Yes, I am making a list.
Yes, I am checking it twice.
One of the joys of my life is that I got infected with a reading habit at a young age, and have been mainlining books ever since. I’m absolutely obsessed with learning from beyond my own direct experience.
As Tyrion Lannister put it:
My brother has his sword, King Robert has his warhammer and I have my mind…
and a mind needs books as a sword needs a whetstone if it is to keep its edge.
That’s why I read so much Jon Snow.
As friends and colleagues (the lists overlap significantly) will testify, many conversations with me end up with a reading list of some sort – here’s my team’s Flowdock from late last night:So with most of my friends taking some kind of break over the next few weeks, I thought I’d put together a short list of the core books that critically inform or summarise my thinking on a few core matters. While some of these are fairly practical and offer great guidance on what to do; it’s all what’s behind those practices and the impact on my mindset that’s the selection criterion here.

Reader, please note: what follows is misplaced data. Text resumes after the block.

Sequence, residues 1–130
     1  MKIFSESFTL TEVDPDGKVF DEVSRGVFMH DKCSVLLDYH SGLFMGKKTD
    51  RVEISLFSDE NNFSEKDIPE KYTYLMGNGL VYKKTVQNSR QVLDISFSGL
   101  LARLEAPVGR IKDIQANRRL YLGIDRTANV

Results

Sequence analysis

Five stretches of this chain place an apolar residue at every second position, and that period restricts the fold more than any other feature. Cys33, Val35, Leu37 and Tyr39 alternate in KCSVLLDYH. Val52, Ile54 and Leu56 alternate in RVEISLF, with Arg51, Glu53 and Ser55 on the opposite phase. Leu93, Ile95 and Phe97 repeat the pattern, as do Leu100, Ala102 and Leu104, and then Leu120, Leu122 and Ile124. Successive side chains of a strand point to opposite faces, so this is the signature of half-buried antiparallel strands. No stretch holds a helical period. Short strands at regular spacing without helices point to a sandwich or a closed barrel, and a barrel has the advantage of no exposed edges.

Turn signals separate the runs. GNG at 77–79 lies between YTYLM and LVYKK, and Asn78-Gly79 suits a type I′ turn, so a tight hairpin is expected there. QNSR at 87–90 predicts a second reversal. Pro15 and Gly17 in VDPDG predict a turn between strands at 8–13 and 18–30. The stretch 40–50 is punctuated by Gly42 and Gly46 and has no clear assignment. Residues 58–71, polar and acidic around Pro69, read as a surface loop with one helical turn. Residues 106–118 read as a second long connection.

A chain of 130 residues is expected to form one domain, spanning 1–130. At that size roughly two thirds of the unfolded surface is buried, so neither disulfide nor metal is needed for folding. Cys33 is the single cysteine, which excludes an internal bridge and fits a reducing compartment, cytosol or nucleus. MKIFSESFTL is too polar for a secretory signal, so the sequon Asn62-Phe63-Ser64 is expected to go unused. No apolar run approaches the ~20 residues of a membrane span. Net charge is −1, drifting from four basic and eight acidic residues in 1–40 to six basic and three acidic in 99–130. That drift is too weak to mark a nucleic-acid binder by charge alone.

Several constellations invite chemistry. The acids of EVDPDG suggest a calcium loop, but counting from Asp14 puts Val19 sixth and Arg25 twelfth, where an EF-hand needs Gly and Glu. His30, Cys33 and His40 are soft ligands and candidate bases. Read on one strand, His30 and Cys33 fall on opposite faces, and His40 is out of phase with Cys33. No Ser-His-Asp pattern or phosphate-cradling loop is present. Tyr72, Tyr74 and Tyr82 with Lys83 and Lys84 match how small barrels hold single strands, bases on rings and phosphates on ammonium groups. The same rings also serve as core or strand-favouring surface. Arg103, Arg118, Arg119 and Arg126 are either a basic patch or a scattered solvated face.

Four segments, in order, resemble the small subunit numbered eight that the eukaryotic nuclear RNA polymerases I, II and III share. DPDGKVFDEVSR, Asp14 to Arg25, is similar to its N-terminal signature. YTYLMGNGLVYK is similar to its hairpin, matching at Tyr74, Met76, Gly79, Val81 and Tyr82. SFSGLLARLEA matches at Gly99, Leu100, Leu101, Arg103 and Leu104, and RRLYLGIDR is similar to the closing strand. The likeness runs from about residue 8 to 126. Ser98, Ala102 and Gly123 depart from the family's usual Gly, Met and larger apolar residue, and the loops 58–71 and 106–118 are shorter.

Don Reinertsen: The Principles of Product Development Flow
This book was a revelation to me. It explained to me for the first time why all the good stuff I knew and loved was so effective. I remember sitting in a hotel restaurant in Swindon and utterly devouring it.
It does contain a little bit of maths, but given that I didn’t formally study maths past age 16, and I coped, I don’t think it’s too high a bar.